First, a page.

An Israeli official in India plans to ask Gujarat’s chief minister, Narendra Modi, to pressure the owners of Hitler, a clothing store in Ahmedabad, to change the business’s name.

Orna Sagiv, the Israeli consul general based in Mumbai said Friday, she would bring up the matter in a scheduled meeting with Mr. Modi next week in Gujarat.

“I am shocked that the owner of an apparel shop would name his shop after Hitler and have the swastika as one of the emblems on the shop banner,” she said, adding that it was “totally unacceptable” and “insulting” to the Jewish community, not just in India but across the world.

The clothing store is one of a handful of businesses in India named after the Nazi dictator. Recent news coverage in India Ink and other publications has brought the store international attention.

On Thursday, the Anti-Defamation League in New York, an organi zation that fights anti-Semitism, called on Mr. Shah to “heed the concerns of the local Jewish community and the voices of others from around the world by immediately changing the store’s name from ‘Hitler.’ ”

It called Mr. Shah’s decision to use the name “an affront to the memory of the millions of Hitler’s victims.”

“It is a perverse abuse of the history of the Holocaust to name a business after one of the world’s most notorious mass murderers and anti-Semites,” Abraham H. Foxman, the ADL’s national director and a Holocaust survivor, said in a press release.

Hitler holds an unusual fascination for some in India. His manifesto, “Mein Kampf,” remains a strong seller at streetside book stalls, and various businesses named after the German leader have popped up over the years, including a Mumbai cafe called ‘Hitler’s Cross.’

Ms. Sagiv said the attitude reflects “deep ignorance and insensitivity in an otherwise tolerant society,” one where the Jewish community had never suffered any discrimination, even when anti-Semitism was at its peak in the rest of the world.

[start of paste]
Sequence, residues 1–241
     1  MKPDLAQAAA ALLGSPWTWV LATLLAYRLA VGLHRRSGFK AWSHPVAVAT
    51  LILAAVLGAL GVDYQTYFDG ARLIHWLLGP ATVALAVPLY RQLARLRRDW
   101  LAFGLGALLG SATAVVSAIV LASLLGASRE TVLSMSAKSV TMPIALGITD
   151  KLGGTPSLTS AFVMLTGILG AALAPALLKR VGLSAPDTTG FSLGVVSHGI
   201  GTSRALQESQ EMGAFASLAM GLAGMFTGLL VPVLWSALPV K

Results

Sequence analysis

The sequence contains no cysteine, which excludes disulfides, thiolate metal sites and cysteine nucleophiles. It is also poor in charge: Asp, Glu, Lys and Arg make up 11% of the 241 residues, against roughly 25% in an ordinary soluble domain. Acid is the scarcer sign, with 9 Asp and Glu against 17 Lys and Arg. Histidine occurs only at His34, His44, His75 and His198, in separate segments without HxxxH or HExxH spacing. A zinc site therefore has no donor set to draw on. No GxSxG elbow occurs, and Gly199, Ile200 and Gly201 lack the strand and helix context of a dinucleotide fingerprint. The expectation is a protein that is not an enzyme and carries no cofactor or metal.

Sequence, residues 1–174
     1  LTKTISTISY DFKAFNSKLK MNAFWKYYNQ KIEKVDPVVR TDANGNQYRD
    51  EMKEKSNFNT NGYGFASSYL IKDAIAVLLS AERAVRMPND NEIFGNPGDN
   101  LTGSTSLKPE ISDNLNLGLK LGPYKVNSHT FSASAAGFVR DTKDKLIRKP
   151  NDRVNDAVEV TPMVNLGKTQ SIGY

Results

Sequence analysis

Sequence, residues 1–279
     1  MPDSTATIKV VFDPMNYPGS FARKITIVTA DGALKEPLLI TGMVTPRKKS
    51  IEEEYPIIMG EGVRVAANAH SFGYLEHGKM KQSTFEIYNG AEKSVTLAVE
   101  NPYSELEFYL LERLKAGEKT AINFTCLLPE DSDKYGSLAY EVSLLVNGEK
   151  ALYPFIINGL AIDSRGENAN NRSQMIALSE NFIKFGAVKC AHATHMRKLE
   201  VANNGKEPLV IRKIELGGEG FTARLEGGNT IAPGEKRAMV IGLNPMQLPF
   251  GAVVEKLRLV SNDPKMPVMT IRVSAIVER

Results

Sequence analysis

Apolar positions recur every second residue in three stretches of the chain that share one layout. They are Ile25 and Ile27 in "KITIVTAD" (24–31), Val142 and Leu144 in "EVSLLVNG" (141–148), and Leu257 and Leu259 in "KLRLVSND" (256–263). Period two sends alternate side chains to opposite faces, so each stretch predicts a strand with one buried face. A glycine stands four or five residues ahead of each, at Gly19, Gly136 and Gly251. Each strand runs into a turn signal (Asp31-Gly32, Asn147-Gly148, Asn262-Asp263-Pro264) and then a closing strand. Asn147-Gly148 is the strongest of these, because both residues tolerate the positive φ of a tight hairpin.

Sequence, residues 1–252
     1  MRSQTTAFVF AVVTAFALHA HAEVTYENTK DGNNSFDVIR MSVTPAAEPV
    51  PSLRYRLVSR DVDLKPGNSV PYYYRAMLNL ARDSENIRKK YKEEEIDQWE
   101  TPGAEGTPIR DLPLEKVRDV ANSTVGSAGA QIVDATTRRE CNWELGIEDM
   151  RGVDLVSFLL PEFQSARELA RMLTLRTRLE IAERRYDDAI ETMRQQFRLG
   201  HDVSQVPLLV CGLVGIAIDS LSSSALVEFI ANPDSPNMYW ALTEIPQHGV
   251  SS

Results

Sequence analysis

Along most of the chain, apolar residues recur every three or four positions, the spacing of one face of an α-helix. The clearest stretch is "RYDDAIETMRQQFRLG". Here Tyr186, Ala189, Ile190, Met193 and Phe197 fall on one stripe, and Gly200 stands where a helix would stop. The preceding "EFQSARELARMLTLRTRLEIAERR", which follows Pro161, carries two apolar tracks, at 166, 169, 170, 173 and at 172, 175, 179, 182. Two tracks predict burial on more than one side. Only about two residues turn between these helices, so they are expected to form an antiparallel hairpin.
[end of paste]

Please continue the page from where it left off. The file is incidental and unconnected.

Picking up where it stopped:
The Anti-Defamation League also expressed concern Thursday about the name of the Nazi leader “seeping into India’s popular culture without any appropriate context.”

In an e-mail interview with The Times of India last year, the spokesman for the Israeli Embassy spoke of the need for greater awareness in India about the atrocities committed against Jews by the Nazi regime under Hitler, which led to the death of six million Jews during the second World War.

His comments were in regards to a pool parlor owner who had named his establishment Hitler’s Den.

In the case of the Hitler’s Cross cafe, the owners agreed to change the name to Cross Cafe and revamped the decor. The owners of the Ahmedabad clothing store have expressed no willingness to change the name unless they are compensated for it.

A Conversation With: Constitution Expert Madhav Khosla


Madhav Khosla, a doctoral student of political theory at Harvard University, is the author of “The Indian Constitution,” a short introduction to the world’s longest political text, which consists of 395 articles and 12 schedules. The book is a fascinating tour through the life of India’s supreme law, analyzing its central features like federalism, fundamental rights and the separation of power. In an interview with India Ink, Mr. Khosla explained why he sees the Constitution as more than a political text and how his book isn’t just for lawyers.

Do you think Indians should be (or can be) “introduced” to the Constitution?

I think it depends a lot on what you mean by introduction. I don’t intend to make a flippant, semantic response, but I think what all of us ought to do is to, at some level, engage with some of the central debates in it. One of the interesting things is that in the U.S., it’s amazing how muc h general knowledge about the Constitution is prevalent. Somebody will have some view of the First Amendment or free speech, and I think in India the basic knowledge is far less. So the aim was to make it more central to public discourse, and I think that’s certainly possible.

One striking aspect of the book is its sophisticated yet accessible prose. Was that easy to do? What was the writing process like?

I was always trying to prevent two scenarios: one is that it’ll just collapse into a pamphlet, a book for dummies. The second is that it will be inaccessible to people who aren’t lawyers. So the aim was, at each stage, to see whether or not the point that I’m trying to make addresses a certain moment or scenario in Indian politics for people to grasp. Also, if somebody doesn’t know anything about Indian politics or about Indian law, he probably won’t get the book at all, and I think that’s also fine. So the aim was to park it in the middle of these two.